Did the recent tax credits have an impact on home sales in the beautiful rural community of Oldham County, Kentucky? The numbers tell an interesting story:
Compiled from the Louisville Multiple Listing System, I compared single family homes that SOLD from January 1, 2010 to May 5, 2010 to homes SOLD from January 1, 2009 to May 5, 2009.
The percent of change is pretty dramatic in the lower price ranges. Homes priced under $100,000 saw a 42.85% increase in numbers of homes SOLD.
There was a 15.38% increase in numbers of homes SOLD that were priced between $100,000 and $149,999.
Interestingly, the numbers of homes SOLD that were priced between $150,000 and $250,000 actually fell when compared with the same time period in 2009, but homes priced between $250,000 and $299,999 spiked a full 40% .
Numbers of homes priced between $300,000 and $349,999 jumped a whopping 425%: from 4 homes SOLD from January 1 to May 5 in 2009 to 21 homes SOLD by May 5, 2010.
Homes priced between $350,000 and $399,999 saw an 80% increase.
This is where the positive numbers STOP.
Homes priced between $400,000 and $449,999 have decreased: from 10 homes SOLD by May 5, 2009 to 7 homes SOLD by May 5, 2010. From $500,000 to $549,999: 3 homes SOLD to 1 home SOLD. From $550,000-$599,999: 3 homes SOLD to 2 homes SOLD. For both 2009 and 2010 year-to-date (May 5): there was only 1 home SOLD each year. From $700,000 to $900,000: 2 homes SOLD by May 5, 2009, and thus far no homes have been recorded as SOLD in 2010.
Both years reported no homes SOLD by May 5 that were priced at $1,000,000 or above.
It seems obvious to me that homebuyers seized on multiple opportunities during first quarter 2010: The first and repeat homebuyer tax credits, low interest rates, and competitive pricing.
So now what? Well, it totally depends upon which newspaper you're reading or which news channel you're watching. Predictions are all over the board.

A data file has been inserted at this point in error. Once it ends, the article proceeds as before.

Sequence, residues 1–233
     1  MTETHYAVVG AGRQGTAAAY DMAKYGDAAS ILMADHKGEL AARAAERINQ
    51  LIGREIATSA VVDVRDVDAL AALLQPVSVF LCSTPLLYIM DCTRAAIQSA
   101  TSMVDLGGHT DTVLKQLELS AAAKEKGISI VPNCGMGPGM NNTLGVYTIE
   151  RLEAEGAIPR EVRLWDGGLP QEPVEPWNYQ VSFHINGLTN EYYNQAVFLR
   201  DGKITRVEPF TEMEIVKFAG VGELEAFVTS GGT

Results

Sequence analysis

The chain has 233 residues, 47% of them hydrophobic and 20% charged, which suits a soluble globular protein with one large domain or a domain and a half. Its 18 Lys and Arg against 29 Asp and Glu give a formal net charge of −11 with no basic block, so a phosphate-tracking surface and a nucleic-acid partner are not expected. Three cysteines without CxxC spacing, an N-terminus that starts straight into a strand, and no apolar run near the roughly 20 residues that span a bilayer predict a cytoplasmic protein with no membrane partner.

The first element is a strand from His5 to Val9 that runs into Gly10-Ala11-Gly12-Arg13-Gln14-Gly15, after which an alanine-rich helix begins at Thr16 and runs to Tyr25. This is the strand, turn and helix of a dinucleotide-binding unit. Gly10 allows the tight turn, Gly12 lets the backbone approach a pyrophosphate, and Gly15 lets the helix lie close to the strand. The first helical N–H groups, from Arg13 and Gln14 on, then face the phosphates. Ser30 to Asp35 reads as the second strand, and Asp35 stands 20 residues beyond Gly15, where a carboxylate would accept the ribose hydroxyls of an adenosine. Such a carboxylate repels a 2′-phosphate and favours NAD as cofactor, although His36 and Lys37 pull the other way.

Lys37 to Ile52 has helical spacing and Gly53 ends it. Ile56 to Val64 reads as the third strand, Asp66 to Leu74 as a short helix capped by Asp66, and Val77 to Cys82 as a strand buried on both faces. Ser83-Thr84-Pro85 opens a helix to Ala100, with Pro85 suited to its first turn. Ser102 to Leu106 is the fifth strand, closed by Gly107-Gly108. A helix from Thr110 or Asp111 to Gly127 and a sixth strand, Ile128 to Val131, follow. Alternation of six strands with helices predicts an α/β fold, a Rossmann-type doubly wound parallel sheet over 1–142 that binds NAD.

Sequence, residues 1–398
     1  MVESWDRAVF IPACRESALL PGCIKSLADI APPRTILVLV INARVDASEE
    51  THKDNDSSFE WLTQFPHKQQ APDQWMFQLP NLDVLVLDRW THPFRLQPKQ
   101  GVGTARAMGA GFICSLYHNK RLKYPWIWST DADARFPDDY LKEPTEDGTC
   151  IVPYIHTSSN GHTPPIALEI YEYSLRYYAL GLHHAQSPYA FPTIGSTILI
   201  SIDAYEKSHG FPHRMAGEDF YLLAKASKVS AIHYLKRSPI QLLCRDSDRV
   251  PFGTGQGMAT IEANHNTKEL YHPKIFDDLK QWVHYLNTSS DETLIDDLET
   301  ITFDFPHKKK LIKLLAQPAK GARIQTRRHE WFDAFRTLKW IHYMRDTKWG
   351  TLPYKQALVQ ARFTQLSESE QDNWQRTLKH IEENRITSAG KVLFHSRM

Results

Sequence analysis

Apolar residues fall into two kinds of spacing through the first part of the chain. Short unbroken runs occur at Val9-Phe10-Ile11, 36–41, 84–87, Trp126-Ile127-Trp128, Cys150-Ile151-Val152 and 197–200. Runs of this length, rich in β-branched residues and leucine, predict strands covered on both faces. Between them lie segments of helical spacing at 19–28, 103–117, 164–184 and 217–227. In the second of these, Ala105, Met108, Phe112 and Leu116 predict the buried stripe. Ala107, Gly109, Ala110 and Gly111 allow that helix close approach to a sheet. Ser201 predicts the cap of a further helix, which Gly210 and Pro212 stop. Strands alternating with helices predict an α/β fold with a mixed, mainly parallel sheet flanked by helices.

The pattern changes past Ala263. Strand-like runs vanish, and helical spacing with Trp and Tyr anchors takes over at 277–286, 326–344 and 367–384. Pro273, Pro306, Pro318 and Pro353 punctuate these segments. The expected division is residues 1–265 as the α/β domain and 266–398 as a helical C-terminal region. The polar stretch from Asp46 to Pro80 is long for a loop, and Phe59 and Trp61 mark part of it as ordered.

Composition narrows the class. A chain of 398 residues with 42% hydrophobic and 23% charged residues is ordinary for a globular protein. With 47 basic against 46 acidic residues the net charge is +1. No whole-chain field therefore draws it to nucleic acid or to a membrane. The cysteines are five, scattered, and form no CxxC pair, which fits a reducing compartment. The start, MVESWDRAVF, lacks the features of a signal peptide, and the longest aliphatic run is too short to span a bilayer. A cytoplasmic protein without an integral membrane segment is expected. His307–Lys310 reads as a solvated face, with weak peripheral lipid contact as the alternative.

Many predictions are that the housing market will dip again in mid 2010 before making a slight come-back toward the fourth quarter. National Association of Realtors chief economist Lawrence Yun said, "Later in the second half of the year, and into 2011, home sales will likely become self-sustaining if the economy can add jobs at a respectable pace, and from a return of buyer demand as they see home values stabilizing."
Yun went on to say, "Another encouraging sign is the improvement in the availability of jumbo and second-home mortgages. As bank balance sheets strengthen, it is just a matter of time before lending of non-government-backed mortgages steadily opens up."
Of course there are very realistic obstacles still in the way of a truly robust real estate market. Rising foreclosures will push more inventory onto the market, putting additional downward pressure on home prices. And many lenders are concerned about the threat of rising interest rates.
But here's what we have on our side: We live in an area of the country that has weathered every real estate storm very well. And most particularly, we live here in Oldham County, where demand for affordable housing, great schools, and an incredible quality of life is still very high.
Challenges still ahead? Absolutely. But I remain your eternal optimist!